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Category:Democratization of Space

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Democratizing Earth Science & Earth Observation

Earth Science Research from Space

Earth Observations

Announcement / Planet Labs is now just 'Planet'


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NASA Democratizing Space Research With Android / 2012

Planet Labs & NASA

Built and operated by Planet Labs of San Francisco, the Flock 1 small satellites are individually referred to as Doves. The Dove satellites are part of a class of miniature satellites often called CubeSats. These small satellites will capture imagery of Earth for use in humanitarian, environmental and commercial applications. Data collected by the Flock 1 constellation will be universally accessible to anyone who wishes to use it.

“We believe that the democratization of information about a changing planet is the mission that we are focused on, and that, in and of itself, is going to be quite valuable for the planet,” says Robbie Schingler, co-founder of Planet Labs. “One tenet that we have is to make sure that we produce more value than we actually capture, so we have an open principle within the company with respect to anyone getting access to the data.”

CubeSats like the Doves in the Flock 1 constellation are just the tip of the iceberg. As new CubeSats deploy, more data is gathered, systems are optimized and, eventually, new types of spacecraft are developed based on their predecessors in space. The space station allows for the expansion of commercial ventures in low-Earth orbit. The Earth-imaging mission of Planet Labs’ Flock 1 takes another leap toward creating benefits on Earth resulting from innovation in space.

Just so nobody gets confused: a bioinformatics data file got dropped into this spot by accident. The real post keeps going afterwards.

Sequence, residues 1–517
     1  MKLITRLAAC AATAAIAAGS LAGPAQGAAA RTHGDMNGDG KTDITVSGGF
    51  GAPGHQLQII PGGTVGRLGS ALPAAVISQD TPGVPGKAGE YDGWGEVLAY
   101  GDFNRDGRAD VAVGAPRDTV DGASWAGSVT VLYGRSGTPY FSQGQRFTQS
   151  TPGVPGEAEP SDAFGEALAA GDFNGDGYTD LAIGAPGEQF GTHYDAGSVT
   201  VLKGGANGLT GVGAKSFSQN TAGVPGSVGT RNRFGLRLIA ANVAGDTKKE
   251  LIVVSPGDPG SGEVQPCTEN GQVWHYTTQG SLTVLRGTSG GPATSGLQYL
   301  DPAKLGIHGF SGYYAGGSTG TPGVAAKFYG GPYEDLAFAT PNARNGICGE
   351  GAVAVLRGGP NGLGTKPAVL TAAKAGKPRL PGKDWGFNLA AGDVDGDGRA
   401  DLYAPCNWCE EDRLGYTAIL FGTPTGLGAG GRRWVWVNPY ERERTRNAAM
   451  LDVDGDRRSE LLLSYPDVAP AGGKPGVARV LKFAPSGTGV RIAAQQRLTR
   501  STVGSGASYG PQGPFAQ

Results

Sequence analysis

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Q & A -- Forbes & Planet Labs / 2014

Planet Labs is a San Francisco-based startup that is using the world’s largest fleet of imaging satellites to continuously monitor Earth. The three founders are physicists who previously worked at NASA, and founded Planet Labs to provide universal access to information about the changing planet.

Give us a high-level overview of what Planet Labs is working on...

Will: We’re launching a large number of ultra-compact satellites so we can image the earth on a much more frequent basis. This is something that’s never been possible before. We believe that there is tremendous humanitarian and commercial value from that data and we care about pursuing both. We launched four demo satellites last year on three different launch vehicles testing our technology and this year we just launched our first fleet of 28 satellites. This is already the largest constellation of earth imaging satellites in human history and it’s going to be producing an unprecedented data circuit that enables us to image the whole earth on a much more rapid basis than has ever been possible before...

We’re imaging the whole earth on a regular basis.

How does the Planet Labs team balance humanitarian goals with commercial viability?